- S, or "super" means that the particular estate considers this tea one of its "best of best".
- F, or "fine" usually means that the tea is a very high quality, clean, dust free and relatively uniform leaf.
- T, or "tippy" means that the tea has many leaves from the very end bud - the terminal bud.
- G, or "golden" refers the those terminal buds that had tiny hair-like fuzz on them that, after oxidation, has turned golden in color (desirable)
- F, or "flowery" generally refers to the nose, it’s floral in character.
- O, or "orange" is a reference to the Earl of Orange who once was so involved in tea trade that he required the estates to note whether or not they thought the teas measured up to his expectations. Using the letter "O" means that the tea does indeed do this.
- P, or "pekoe" simply means a hand picked and processed tea that is dust and mold free.
Flavored Black Teas
Chinese tea leaves have been flavored since around the time the Ming Dynasty was founded in 1368, and have become wildly popular in America and Europe in recent decades. The addition of natural essences and flavors create an exciting sensual and gastronomic experience, as both the tea and the scent are often enhanced in the marriage of the two. Tea can be flavored by adding fruits, floral essences, and/or flavorings to the finished black tea leaves. All tea leaves are very absorbent of fragrances (and all odors, which is another reason why air-tight containers are important for storage.) Popular scented black teas include Earl Grey, scented with bergamot; Lapsang Souchong, which is scented with pine wood smoke; Rose tea, Caramel tea and various fruit-flavored black teas. View our selection of Flavored Teas.
Oolong teas are semi–oxidized, which places them mid–way between green and black teas. This gives them the body and complexity of a black tea, with the brightness and freshness of a green tea. The caffeine content and antioxidant level is also mid–way between that of green and black teas, making them most healthy and palatable. A very favorite and desired tea amongst connoisseurs, all oolongs hail from either China or Taiwan.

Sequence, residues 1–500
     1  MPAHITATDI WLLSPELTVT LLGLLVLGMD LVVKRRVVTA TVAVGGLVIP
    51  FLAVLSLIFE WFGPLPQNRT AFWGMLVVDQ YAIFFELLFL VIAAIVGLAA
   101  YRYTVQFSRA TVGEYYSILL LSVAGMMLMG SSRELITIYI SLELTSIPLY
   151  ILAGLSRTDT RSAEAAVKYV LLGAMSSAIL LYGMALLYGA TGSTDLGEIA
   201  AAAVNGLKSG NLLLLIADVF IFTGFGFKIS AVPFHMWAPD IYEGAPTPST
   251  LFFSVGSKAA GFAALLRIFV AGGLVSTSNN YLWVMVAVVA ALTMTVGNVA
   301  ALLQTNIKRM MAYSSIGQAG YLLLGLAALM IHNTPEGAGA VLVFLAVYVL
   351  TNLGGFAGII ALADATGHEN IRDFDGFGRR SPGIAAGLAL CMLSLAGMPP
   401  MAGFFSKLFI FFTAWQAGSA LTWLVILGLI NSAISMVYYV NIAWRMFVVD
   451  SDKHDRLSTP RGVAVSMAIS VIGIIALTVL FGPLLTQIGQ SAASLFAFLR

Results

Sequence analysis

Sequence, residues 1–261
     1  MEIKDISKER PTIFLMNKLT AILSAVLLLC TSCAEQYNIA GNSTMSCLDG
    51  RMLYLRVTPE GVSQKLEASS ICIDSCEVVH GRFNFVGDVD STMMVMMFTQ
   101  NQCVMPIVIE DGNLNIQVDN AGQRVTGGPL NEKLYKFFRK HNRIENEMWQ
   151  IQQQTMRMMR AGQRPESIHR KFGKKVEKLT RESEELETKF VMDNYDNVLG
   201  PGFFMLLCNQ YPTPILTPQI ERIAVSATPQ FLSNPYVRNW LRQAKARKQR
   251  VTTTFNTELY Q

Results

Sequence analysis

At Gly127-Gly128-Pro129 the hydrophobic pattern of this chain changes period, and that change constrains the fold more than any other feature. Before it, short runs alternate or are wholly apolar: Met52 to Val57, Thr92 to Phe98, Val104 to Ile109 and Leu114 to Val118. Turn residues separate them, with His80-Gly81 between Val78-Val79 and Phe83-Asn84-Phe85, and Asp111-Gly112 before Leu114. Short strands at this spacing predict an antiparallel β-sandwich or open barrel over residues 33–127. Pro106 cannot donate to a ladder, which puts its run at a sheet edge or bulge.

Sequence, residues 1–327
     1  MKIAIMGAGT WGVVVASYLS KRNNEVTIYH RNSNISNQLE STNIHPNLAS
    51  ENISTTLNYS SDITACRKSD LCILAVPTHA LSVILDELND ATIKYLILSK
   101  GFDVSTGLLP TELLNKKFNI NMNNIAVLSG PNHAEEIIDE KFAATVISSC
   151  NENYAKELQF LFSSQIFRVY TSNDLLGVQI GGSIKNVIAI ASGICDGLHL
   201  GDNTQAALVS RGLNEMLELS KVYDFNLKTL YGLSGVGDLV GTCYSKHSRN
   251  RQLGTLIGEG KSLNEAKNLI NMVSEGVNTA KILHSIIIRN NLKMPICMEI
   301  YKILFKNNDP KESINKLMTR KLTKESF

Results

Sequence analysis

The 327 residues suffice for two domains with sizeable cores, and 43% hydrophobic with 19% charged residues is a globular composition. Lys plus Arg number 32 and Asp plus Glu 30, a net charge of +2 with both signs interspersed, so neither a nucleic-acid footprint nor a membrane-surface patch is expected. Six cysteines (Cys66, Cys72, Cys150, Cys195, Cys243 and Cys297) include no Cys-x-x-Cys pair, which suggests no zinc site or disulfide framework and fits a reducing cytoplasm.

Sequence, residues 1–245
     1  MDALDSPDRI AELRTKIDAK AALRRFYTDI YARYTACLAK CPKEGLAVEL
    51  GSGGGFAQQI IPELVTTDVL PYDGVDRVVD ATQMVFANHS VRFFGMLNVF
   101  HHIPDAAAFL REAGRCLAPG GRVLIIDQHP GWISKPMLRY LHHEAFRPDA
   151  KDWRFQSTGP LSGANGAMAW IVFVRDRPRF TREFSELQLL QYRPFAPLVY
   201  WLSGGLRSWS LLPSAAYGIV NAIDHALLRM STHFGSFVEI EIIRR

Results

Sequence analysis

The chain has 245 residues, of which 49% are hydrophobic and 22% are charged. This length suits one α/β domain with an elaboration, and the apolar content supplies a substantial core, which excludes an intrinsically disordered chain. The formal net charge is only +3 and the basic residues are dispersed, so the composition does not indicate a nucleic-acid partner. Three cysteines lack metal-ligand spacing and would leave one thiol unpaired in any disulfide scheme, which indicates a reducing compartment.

Preparation of oolong teas requires pure water at 190–205° F. They may be infused multiple (3–7) times, each steep lasting 1–3 minutes. The caffeine content of oolong teas decreases dramatically from the first to the third brew, about 30–50 mg/cup in first cup, 15–25 in second, and 5–10 in third.
Process: The leaves are withered and then rolled, often by hand. The leaves are allowed to partially oxidize and then are fired in pan or basket to arrest the oxidation process. Oxidation may range from 12–85%. Sometimes charcoal smoke is used to impart a flavor to the tea.
Origins: From lightly oxidized to dark roasted, oolongs can be fragrantly floral to lusciously rich. A special category of minimally oxidized oolong leaves ranges from 6–12% and are known as pouchongs. Taiwan is famous for its many wonderful oolong teas, and deservedly so. Their teas are often named after the particular mountain on which they're grown. In China, Ti Quan Yin ("Iron Goddess of Mercy") is one of the most famous oolong teas whose characteristic flavor is produced in the charcoal firing of the leaves. Ti Quan Yin is a variety of tea plant that produces Ti Quan Yin oolong, and was discovered in the Anxi province of China. Other well–known Chinese oolongs include Huang Jin Gui and Bai Hao. View our selection of Oolong Teas.
Green tea leaves plucked in the morning are ready to be brewed in a pot the same night. The bypass of oxidation allows green tea to retain most of its natural dark green color, tannins, vitamin C, chlorophyll and minerals. The taste of green tea is therefore more astringent and subtler than oolong or black tea. The lack of oxidation is also responsible for the very low caffeine content of green tea (only 1%). Its caffeine effect produces a nearly steady, mild high with no big peaks or plunges. Green tea is therefore the perfect meditative aid: it acts as a mild stimulant, without causing insomnia or nervousness. It refreshes and quiets.
The names of Chinese green teas denote leaf styles and often make reference to the region where the tea is from. The names of Japanese green teas generally end in "cha" (meaning tea). Preparation of green teas requires pure water at 160–190° F. Chinese green teas contain about 30–35 milligrams of caffeine per 8 oz cup, and Japanese green teas contain 25 – 30 milligrams of caffeine per 8 oz cup.
Process: The leaves are heated immediately after plucking. The heat prevents the leaves from withering or oxidizing. The dry leaf retains its green color.